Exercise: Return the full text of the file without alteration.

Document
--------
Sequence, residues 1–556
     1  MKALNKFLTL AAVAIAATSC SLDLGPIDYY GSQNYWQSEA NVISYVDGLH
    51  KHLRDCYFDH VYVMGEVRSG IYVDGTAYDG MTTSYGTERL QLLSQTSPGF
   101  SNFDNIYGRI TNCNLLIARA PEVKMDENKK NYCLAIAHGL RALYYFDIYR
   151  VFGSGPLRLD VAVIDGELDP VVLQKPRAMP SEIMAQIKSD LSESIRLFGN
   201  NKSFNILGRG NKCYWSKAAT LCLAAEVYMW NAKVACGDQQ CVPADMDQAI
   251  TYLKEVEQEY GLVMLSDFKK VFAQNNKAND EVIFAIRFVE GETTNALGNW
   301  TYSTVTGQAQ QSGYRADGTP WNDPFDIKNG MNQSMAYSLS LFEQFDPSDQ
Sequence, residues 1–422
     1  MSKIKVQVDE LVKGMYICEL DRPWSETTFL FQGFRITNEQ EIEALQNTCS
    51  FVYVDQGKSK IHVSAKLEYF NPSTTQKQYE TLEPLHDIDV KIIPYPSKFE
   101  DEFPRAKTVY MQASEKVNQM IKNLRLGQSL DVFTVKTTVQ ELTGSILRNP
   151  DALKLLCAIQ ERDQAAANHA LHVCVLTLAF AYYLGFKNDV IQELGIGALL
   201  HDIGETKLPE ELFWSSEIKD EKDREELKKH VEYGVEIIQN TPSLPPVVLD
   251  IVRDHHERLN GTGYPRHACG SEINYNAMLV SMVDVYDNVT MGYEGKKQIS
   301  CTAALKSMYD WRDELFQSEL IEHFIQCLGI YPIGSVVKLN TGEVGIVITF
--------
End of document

Sequence, residues 1–556
     1  MKALNKFLTL AAVAIAATSC SLDLGPIDYY GSQNYWQSEA NVISYVDGLH
    51  KHLRDCYFDH VYVMGEVRSG IYVDGTAYDG MTTSYGTERL QLLSQTSPGF
   101  SNFDNIYGRI TNCNLLIARA PEVKMDENKK NYCLAIAHGL RALYYFDIYR
   151  VFGSGPLRLD VAVIDGELDP VVLQKPRAMP SEIMAQIKSD LSESIRLFGN
   201  NKSFNILGRG NKCYWSKAAT LCLAAEVYMW NAKVACGDQQ CVPADMDQAI
   251  TYLKEVEQEY GLVMLSDFKK VFAQNNKAND EVIFAIRFVE GETTNALGNW
   301  TYSTVTGQAQ QSGYRADGTP WNDPFDIKNG MNQSMAYSLS LFEQFDPSDQ
Sequence, residues 1–422
     1  MSKIKVQVDE LVKGMYICEL DRPWSETTFL FQGFRITNEQ EIEALQNTCS
    51  FVYVDQGKSK IHVSAKLEYF NPSTTQKQYE TLEPLHDIDV KIIPYPSKFE
   101  DEFPRAKTVY MQASEKVNQM IKNLRLGQSL DVFTVKTTVQ ELTGSILRNP
   151  DALKLLCAIQ ERDQAAANHA LHVCVLTLAF AYYLGFKNDV IQELGIGALL
   201  HDIGETKLPE ELFWSSEIKD EKDREELKKH VEYGVEIIQN TPSLPPVVLD
   251  IVRDHHERLN GTGYPRHACG SEINYNAMLV SMVDVYDNVT MGYEGKKQIS
   301  CTAALKSMYD WRDELFQSEL IEHFIQCLGI YPIGSVVKLN TGEVGIVITF